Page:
I’m baffled by the community’s response to turning a church into a theatre in the Mazyck-Wraggborough neighborhood. I was under the impression that the building was no longer being used as a house of worship because nobody was coming to worship there. For all of those people in outrage over the building’s new usage, acting as though they themselves are the only defenders of God, I sure do wonder why none of them were going to church. Or maybe they were going to church, but the simple fact is that there is an abundance of churches in Charleston — in fact, more than enough to go around, and that’s the real reason for putting this old outworn church to a different use.

I can think of no better new usage for this church than a theatre. If the pulpit is about spreading ideas, and making people reevaluate their lives, and feeling things, and feeling connected, then so is the theatre. I will never understand Christians like the writer of “Our Town, Spoiled,” (Letters, Feb. 15) who finds it “unconscionable” to put up an institution that will offer employment opportunities and “children’s programs” simply because you don’t want “1,500 people coming to [your] neighborhood a week!” Would you feel that way if those 1,500 were going to church? This town needs to get over itself. Is there anything artistically and ideologically progressive that won’t send people into an uproar? I promise you all, you will live. You will still be able to go to church. And with this new theatre, you might just get some new ideas, too. Won’t you all be disappointed if this new theatre turns out to be a Godsend?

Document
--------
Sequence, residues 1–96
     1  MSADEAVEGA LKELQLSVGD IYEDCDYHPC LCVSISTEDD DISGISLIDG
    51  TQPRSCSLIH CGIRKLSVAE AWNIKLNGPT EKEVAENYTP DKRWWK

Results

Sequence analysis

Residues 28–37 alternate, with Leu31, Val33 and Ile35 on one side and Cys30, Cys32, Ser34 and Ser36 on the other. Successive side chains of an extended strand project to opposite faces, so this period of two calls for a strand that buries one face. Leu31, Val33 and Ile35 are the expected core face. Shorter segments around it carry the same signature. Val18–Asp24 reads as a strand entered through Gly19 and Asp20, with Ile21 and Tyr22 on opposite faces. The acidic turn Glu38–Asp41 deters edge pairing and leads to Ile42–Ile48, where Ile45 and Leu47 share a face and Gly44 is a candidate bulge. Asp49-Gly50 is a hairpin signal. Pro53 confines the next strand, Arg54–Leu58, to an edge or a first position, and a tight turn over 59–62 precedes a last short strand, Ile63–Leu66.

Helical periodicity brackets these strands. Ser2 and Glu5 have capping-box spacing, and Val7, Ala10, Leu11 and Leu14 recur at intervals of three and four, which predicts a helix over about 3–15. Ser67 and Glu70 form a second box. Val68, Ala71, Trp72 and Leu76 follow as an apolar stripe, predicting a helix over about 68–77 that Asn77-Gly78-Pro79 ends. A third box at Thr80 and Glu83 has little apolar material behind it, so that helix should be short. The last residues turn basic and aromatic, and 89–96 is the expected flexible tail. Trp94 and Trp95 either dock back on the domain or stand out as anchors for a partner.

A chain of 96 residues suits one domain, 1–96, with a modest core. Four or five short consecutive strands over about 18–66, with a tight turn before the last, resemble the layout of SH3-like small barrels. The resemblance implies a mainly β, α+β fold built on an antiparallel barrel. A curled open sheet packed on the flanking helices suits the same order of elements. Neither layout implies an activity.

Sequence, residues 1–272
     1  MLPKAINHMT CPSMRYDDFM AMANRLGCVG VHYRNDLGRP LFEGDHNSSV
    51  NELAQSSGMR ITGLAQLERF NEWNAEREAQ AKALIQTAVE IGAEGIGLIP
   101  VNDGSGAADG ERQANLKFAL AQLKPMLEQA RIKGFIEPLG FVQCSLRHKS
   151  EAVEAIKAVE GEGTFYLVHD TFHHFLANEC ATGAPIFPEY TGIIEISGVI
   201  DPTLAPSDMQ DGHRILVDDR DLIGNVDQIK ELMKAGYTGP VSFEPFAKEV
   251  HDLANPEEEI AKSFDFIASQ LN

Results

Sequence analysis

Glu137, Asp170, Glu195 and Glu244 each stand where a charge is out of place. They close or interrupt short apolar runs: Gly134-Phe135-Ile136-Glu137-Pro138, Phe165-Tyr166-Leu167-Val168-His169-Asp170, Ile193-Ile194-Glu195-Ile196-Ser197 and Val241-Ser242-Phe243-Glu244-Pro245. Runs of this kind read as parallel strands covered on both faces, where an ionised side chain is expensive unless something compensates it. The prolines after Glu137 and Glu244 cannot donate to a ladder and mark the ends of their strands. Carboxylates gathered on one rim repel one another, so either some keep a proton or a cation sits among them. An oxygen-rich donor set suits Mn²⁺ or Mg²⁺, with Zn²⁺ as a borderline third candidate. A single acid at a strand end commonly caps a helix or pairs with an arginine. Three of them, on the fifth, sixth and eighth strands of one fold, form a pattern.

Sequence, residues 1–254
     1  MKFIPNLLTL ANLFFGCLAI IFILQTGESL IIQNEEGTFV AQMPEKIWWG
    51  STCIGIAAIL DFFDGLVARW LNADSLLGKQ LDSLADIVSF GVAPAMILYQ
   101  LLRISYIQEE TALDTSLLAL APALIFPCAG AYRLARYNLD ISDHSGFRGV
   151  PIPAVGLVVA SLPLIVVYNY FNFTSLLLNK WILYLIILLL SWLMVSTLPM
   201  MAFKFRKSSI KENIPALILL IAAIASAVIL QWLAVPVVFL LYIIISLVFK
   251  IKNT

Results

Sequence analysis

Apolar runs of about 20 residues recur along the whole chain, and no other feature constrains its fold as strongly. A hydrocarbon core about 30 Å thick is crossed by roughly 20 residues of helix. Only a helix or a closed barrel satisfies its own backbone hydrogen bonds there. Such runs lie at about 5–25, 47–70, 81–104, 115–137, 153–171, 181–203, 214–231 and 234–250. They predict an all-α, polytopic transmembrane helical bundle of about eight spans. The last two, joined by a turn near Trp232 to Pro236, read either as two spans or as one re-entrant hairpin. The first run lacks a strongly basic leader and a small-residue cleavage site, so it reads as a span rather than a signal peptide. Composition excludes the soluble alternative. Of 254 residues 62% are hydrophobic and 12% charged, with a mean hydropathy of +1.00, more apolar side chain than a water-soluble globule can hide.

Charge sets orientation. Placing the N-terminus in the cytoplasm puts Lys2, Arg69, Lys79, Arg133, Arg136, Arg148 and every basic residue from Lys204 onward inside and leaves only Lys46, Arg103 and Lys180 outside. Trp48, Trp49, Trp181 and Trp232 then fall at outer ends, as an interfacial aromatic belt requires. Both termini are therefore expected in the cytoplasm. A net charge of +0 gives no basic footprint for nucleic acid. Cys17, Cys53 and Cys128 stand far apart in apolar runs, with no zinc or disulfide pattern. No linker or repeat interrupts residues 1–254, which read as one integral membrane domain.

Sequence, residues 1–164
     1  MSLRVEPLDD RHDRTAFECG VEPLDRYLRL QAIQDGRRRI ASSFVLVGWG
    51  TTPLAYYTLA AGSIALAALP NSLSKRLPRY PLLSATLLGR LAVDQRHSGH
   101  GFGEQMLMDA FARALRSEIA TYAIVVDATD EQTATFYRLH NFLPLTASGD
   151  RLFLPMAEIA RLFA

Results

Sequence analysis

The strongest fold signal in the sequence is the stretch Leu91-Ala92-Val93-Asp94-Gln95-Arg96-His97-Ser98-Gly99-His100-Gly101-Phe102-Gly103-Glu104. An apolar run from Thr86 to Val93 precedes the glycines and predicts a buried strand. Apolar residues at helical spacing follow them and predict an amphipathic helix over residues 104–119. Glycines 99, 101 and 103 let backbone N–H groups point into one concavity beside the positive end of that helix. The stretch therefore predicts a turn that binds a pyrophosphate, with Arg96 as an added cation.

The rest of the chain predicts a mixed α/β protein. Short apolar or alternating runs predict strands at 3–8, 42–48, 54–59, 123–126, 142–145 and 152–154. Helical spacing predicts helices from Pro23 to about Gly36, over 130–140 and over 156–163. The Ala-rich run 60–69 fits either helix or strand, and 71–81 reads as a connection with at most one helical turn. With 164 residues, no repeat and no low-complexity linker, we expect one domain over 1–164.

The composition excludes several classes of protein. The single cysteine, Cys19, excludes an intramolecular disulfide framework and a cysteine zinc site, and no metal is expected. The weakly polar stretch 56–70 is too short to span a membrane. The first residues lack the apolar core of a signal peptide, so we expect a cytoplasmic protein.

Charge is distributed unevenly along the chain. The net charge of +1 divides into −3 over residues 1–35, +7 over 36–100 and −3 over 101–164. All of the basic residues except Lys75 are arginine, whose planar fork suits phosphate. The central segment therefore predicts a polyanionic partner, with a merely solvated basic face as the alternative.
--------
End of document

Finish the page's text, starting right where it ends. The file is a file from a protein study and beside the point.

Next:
Samantha Church


It takes a unique individual to be as completely out of touch with reality as Michael Graham appears to be in his column, “Home of the Brave” (The Usual Suspects, Views, March 8). According to him, the film Syriana showed us, “the positive, upbeat side of suicide bombing.” Excuse me, but have you even seen the movie, Mr. Graham? Was it the portrayed brainwashing of Arab youth, the grieving families, or the tragic and ultimately pointless act of the suicide itself you saw as positive and upbeat?

Later you ask Hollywood “to make a movie portraying suicide bombers as the bad guys … and all Muslims.” Have you been living in a cave more isolated than bin Laden, Mr. Graham? Did you just forget about, True Lies, Executive Decision, and the myriad of other Hollywood blockbusters that have done exactly that?

Finally, you ask for a movie that shows a couple gay guys going through counseling or religious conversion to become un-gay. News flash, that, too, has been done. It was released last year under the title, Sad to be Gay. You should check it out, Mr. Graham, you might find it educational.

In the future, Mr. Graham, it wouldn’t hurt you to do just a minimal amount of research and thinking about an article before you burden us with your opinions.

Jake Fuchs


I’m sorry. In regard to Michael Graham’s “Home of the Brave,” I didn’t quite catch those last few words regarding all those Hollywood films that, God forbid, show the world we are not all the same, that there are two sides to every story, and that your cookie-cutter 1960s view of how you think the world should be may just not be how you neighbor thinks the world should be. Perhaps, if Mr. Graham took Bush’s dick out of his mouth for one second, I might be able to hear what it is he has to say.

Catherine Cook


Mr. Graham’s statement that if he were a “principled liberal” he would be “awfully lonely right now” (“Liberal Vote,” The Usual Suspects, Views, March 15) is a half-truth. Or should I say, half of the truth. Where are the “principled conservatives” now? Last time I saw the news, all three branches of our illustrious government were majority conservatives; yet I have heard none of them bemoaning the evils of a big government, invading our personal liberties (PATRIOT Act) and interfering with free-market principles through unadulterated cronyism (Halliburton). While I did not personally know the Founding Fathers, I am sure the current lot of unprincipled conservatives is enough to make them and more recent figures like Eisenhower and the much beloved Reagan spin in their graves at rates high enough to approach escape velocity.

In other more direct and refined words: “principled politician” is either an oxymoron or an extinct species.

J. Spencer Gainey, M.D.
ANDERSON (formerly West Ashley)

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